Previous WorldCom CEO Bernie Ebbers was granted an early release from prison after serving 13 years of a 25-year sentence. A federal judge granted Ebbers’ early release on Wednesday due to what his family stated was his failing health. 78 year old Bernie Ebbers was convicted in March 2005 on nine felony counts for his role in an $11 billion fraud at WorldCom. At the time, it was one of the biggest accounting frauds in history. Besides his prison sentence, he agreed to forfeit most of his assets, worth as much as $45 million, which were used to pay some of the people and entities impacted by the fraud.
According to CNNBusiness, shortly after Ebbers stepped down as CEO of WorldCom in 2002, the company filed for bankruptcy. It was the largest Chapter 11 filing in US history at the time. The charges on which Ebbers was convicted carried a maximum sentence of 85 years. Judge Valerie Caproni on Wednesday granted his family’s request for a compassionate release. One of his daughters this fall requested that the former telecom boss be released early,citing his time served and incurring health problems including blindness, weight loss and mental and physical decline.
According to Wall Street Journal, prosecutors begged to differ on releasing Mr. Ebbers. Prison officials said Mr. Ebbers’s health declined, yet a psychologist reported a discrepancy between how Mr. Ebbers presented himself for an evaluation and how he spoke to his family on the phone. According to court records, an attorney for Mr. Ebbers told the judge that people suffering from dementia can have good and bad days. Mr. Ebbers co-founded WorldCom in the 1980s and built it into one of the biggest telecommunications companies through dozens of deals. In 2002, he was ousted as CEO. A couple of months later, the company revealed the billions of dollars in accounting issues and fell into bankruptcy by 2005.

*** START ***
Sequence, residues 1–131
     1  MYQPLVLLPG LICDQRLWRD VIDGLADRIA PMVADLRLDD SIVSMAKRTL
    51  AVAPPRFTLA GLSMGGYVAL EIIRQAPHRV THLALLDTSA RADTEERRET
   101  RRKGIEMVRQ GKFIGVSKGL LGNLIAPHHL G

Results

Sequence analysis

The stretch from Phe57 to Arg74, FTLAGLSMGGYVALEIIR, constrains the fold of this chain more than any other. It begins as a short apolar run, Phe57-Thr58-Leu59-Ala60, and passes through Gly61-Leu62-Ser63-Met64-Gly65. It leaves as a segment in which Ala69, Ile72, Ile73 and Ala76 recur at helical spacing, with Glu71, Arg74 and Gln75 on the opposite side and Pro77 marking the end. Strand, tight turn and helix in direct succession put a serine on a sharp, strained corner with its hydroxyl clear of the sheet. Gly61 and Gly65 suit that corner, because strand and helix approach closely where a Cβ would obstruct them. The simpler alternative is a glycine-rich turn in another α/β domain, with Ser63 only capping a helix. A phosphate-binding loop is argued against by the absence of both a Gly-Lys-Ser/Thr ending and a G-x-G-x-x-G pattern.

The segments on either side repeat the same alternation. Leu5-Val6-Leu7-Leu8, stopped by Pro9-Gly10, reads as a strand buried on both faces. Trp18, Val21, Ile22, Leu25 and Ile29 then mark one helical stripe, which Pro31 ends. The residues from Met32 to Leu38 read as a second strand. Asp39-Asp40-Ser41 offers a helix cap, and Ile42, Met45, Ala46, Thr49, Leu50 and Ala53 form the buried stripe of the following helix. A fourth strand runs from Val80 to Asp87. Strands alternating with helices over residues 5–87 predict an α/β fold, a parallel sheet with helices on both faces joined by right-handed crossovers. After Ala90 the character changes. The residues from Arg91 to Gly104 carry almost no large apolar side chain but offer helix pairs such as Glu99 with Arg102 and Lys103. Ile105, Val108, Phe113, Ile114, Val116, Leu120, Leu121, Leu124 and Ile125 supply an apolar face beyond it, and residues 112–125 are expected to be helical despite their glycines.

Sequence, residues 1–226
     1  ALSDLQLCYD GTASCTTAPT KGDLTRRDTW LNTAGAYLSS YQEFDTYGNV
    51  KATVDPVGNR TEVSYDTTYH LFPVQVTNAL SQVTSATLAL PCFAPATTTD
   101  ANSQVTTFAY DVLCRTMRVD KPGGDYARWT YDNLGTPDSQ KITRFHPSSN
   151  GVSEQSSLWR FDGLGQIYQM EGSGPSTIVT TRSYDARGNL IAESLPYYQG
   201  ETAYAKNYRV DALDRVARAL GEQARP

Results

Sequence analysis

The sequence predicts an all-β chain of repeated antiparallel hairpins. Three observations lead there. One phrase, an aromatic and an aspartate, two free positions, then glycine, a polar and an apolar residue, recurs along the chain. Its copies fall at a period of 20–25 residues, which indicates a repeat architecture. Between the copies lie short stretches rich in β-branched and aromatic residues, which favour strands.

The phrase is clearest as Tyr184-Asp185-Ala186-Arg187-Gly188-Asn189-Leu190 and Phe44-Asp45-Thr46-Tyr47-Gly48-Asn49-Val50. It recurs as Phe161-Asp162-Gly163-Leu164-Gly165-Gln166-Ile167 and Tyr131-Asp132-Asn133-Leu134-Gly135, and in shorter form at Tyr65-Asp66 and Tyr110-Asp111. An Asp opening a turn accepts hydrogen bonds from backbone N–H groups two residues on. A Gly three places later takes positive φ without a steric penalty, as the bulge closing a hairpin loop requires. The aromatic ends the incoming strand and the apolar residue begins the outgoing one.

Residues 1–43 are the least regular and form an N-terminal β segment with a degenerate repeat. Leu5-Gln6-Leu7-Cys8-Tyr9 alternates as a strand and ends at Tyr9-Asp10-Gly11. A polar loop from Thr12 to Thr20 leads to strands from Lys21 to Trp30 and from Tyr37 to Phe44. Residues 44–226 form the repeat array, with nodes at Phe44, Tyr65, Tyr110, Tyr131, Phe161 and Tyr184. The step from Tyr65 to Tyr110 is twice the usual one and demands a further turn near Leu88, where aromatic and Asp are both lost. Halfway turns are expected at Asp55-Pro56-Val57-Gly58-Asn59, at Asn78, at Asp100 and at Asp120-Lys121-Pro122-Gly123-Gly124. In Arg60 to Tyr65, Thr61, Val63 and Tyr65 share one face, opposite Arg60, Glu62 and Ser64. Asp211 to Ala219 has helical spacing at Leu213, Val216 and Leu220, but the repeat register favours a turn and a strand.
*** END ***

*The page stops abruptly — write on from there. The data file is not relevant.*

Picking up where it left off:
In recent months,Mr. Ebbers was transferred from FMC Fort Worth, a federal prison hospital in Texas with round-the-clock nursing care, to a private hospital to treat various ailments. Judge Caproni herself had previously expressed interest in the cause of his recent weight loss. Mr. Ebbers had cardiomyopathy, a heart ailment, when he went to prison in 2006. When Judge Barbara Jones sentenced Mr. Ebbers to prison in 2005, she noted it was likely a life sentence. She has since changed her view on how long the former telecom executive should be behind bars. In a September letter to Judge Caproni, the retired judge said Mr. Ebbers had been punished enough. Five other WorldCom executives were also convicted for their roles in the accounting fraud. One of them, chief financial officer Scott Sullivan, was a witness against Ebbers. Sullivan was sentenced to five years and served four with the remainder spent in home confinement.
Several family members of Ebbers who attended the proceeding rejoiced, sobbing and hugging one another. The judge announced her ruling and said a written decision would be released at a later time.